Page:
Sergio Perez's triumph at F1's biggest race, the Monaco Grand Prix, has seen him welcomed into the title race with open arms by fans and pundits alike.
The Mexican driver has closed the gap between himself and Max Verstappen to just 15 points, and is now within touching distance of Charles Leclerc in second.
Perez's recent run of results has helped whet the appetite for what could now become a three-horse race for the championship – but is he really a threat to Verstappen's title defence?
There is no doubt that since Perez joined Red Bull ahead of the 2021 season, it is Verstappen who has enjoyed the better results, both in qualifying and in the race.
Their qualifying battle in 2021 resulted in an overwhelming victory for the Dutchman, who crushed Perez by lining up ahead of him on the grid at 19 of the 20 races in which neither driver received a grid drop penalty.
The average gap between their best qualifying lap times over the season was 0.5 seconds in favour of Verstappen, as he cemented his place as the team's clear dominant driver.
However, during the 2022 season, Perez's qualifying performances have already taken a big step, with the Mexican having beaten Verstappen in both Monaco and Saudi Arabia, two events at which he also got ahead of his Ferrari rivals to claim pole position.
The shift has resulted in Christian Horner suggesting that Red Bull's RB18 suits Perez better than their 2021 entry, while Jos Verstappen has criticised the team for building a car more suited to their second driver.
But the time advantage still remains with Verstappen, who boasts an average qualifying lap time that is 0.3 seconds faster than Perez's: a healthy gap.
On race day
After seven races of the 2021 season, Perez found himself counting a 47 point gap to Verstappen (84 to 131); one year on and that gap is now at just 15 points (110 to 125).
Furthermore, should the Mexican place on the podium at the upcoming Azerbaijan Grand Prix, he will have matched both his 2021 wins and podiums total after just eight races.
But how have the time gaps fared between the two drivers during races in 2022?
At the season opener in Bahrain, Perez was roughly 15 seconds behind Verstappen when the Safety Car was summoned on Lap 45, after which both drivers were forced to retire. Similar events played out in Australia when, with Verstappen five seconds ahead of Perez, the Dutchman retired.
In Saudi Arabia, Perez was leading the Grand Prix with Leclerc and Verstappen in hot pursuit. But due to a badly-timed Safety Car, Perez fell back to P4, handing Verstappen victory.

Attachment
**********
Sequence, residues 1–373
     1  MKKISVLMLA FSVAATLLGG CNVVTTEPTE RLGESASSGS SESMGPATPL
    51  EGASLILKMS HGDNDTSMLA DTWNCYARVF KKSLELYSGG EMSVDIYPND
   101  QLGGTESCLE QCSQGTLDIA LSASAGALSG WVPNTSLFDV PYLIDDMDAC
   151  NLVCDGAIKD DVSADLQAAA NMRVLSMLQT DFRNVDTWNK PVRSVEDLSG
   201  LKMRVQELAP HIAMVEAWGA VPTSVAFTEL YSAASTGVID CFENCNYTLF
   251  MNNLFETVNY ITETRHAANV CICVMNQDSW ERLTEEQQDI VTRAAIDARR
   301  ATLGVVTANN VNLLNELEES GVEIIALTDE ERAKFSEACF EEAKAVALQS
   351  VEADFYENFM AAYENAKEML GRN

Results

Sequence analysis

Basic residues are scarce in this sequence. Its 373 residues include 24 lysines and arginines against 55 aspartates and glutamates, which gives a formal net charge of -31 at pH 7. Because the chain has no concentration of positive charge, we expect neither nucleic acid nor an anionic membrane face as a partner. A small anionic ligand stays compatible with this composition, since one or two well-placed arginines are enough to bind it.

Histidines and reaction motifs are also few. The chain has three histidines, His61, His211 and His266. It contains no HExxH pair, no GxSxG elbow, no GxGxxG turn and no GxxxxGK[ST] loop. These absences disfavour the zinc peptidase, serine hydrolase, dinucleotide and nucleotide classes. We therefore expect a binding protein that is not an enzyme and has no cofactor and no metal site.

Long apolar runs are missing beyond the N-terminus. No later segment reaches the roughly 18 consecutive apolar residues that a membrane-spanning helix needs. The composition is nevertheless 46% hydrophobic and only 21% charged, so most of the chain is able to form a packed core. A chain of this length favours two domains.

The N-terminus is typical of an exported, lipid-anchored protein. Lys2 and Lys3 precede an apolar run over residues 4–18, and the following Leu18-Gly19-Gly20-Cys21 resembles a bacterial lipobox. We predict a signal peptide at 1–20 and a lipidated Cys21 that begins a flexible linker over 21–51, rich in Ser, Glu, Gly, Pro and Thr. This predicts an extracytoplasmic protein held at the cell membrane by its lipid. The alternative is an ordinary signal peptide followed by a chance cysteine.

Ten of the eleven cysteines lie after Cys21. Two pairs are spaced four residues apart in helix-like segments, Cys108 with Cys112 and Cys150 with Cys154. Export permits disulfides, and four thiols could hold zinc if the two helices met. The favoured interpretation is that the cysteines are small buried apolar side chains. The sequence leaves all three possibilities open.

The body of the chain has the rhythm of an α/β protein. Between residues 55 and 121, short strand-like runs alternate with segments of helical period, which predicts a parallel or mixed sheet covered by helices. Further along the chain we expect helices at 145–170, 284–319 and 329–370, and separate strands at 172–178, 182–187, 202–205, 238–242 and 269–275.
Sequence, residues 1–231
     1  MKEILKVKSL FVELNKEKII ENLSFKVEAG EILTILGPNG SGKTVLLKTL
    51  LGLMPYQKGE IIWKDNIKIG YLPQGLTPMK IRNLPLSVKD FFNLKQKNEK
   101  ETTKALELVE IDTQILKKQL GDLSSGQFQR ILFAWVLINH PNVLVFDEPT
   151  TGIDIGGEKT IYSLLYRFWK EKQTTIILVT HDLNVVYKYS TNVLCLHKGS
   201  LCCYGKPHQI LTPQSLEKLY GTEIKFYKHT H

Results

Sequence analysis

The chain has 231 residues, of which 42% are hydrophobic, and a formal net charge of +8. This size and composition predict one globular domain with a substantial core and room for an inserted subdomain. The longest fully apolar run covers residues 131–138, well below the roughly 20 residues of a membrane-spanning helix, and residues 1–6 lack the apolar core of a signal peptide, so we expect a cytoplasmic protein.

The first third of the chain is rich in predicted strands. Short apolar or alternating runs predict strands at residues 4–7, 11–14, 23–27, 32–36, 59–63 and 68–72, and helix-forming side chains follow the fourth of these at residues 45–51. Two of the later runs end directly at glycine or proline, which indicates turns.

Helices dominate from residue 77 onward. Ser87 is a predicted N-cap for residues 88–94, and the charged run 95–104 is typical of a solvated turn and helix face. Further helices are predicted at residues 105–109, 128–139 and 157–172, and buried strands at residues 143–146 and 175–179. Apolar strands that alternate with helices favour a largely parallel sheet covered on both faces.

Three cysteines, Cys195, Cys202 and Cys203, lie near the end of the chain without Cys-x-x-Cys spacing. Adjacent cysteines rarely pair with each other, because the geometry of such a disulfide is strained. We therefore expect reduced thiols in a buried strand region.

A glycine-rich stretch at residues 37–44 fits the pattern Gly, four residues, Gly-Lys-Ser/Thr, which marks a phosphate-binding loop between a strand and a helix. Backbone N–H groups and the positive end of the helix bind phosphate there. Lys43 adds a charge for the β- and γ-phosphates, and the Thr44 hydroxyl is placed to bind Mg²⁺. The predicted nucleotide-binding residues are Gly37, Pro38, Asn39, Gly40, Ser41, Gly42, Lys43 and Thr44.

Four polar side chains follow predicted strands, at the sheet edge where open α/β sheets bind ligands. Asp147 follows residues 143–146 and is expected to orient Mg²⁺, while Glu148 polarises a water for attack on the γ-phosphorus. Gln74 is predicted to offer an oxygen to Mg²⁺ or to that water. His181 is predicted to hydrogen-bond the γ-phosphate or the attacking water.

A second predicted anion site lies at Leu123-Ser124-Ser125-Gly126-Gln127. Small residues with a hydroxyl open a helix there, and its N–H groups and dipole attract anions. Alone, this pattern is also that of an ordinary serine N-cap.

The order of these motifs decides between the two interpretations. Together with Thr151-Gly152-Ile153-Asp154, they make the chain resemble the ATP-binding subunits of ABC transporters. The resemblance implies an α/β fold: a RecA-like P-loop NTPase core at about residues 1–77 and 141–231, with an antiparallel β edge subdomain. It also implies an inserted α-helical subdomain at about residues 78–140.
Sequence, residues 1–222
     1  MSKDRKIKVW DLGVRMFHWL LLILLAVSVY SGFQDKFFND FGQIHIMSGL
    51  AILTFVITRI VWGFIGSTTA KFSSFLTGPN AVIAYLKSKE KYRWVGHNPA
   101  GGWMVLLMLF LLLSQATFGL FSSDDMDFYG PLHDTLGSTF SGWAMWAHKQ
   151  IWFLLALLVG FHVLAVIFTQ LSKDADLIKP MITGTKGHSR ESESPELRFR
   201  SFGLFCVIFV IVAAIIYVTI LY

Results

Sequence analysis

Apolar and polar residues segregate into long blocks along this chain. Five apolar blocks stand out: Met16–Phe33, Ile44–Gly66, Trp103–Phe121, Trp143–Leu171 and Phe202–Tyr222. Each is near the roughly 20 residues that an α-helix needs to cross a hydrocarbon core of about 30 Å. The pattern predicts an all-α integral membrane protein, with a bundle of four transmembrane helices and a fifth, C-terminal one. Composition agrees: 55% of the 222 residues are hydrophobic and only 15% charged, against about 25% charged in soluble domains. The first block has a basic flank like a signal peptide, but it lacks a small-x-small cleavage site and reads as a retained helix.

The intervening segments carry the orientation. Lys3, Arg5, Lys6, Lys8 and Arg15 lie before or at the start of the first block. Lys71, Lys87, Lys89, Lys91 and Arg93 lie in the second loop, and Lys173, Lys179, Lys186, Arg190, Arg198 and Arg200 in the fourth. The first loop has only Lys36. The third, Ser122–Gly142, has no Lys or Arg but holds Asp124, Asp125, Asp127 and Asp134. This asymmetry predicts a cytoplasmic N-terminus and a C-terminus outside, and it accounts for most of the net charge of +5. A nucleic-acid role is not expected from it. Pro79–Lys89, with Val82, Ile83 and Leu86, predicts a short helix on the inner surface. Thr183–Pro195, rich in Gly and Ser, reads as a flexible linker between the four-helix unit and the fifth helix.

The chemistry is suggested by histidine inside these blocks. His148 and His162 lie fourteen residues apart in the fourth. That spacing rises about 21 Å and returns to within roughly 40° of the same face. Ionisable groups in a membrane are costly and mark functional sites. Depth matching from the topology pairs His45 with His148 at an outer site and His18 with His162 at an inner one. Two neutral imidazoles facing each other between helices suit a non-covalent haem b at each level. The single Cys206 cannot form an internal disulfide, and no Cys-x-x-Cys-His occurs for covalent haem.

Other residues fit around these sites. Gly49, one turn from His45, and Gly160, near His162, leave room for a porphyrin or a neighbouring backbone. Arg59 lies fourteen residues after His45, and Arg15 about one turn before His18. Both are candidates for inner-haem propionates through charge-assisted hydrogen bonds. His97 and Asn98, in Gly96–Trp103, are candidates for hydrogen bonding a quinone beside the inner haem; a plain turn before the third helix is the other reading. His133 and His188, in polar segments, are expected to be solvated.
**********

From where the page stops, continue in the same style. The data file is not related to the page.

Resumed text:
The biggest gaps of all this season came in Imola, where Verstappen took the chequered flag an entire 16 seconds ahead of his teammate, and Miami, where the gap between the pair was at one stage at 30 seconds.
In Spain, things proved complicated. The gap between the duo at the finish line was at 13 seconds, with Verstappen allowed to pass Perez (on an alternate strategy) without a fight before the Mexican driver pitted in search of a late fastest lap.
And at Monaco little could be learned about the gap between the two drivers, with Perez – who benefitted from a clean out-lap during the pit-stop phase – allowed to jump both Ferrari cars and lead a train across the finish line.
But overall, Verstappen remains the dominant driver, even if the points gap suggests the margin is only narrow.
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What next for Verstappen vs Perez?
There can be no doubt that Perez has taken a step forward in performance – but that is not to say that Verstappen has fallen backwards since last season's title glory.
Jos Verstappen's comments suggest that Verstappen is not yet entirely comfortable behind the wheel of the bigger, heavier RB18, which is lacking front-end grip compared to its predecessor.
However, he has led the team to four wins from seven races in 2022 and still holds a lead in the F1 standings, despite being left with plenty of homework to do.
The RB18 has played more into the hands of Perez than the 2021 challenger, yet Verstappen still has time to grow into his seat.
Perez is deserving of the compliments he has received during the early rounds of the new season, but must now prove that his Monaco victory can be replicated if he is to become a concern for Verstappen.
F1 Podcast: Was F1's cautious start to Monaco an insult to the drivers' abilities?
RacingNews365.com F1 journalists Dieter Rencken and Michael Butterworth discuss the Monaco Grand Prix, and reflect on whether decisions made by the Race Director were overly cautious.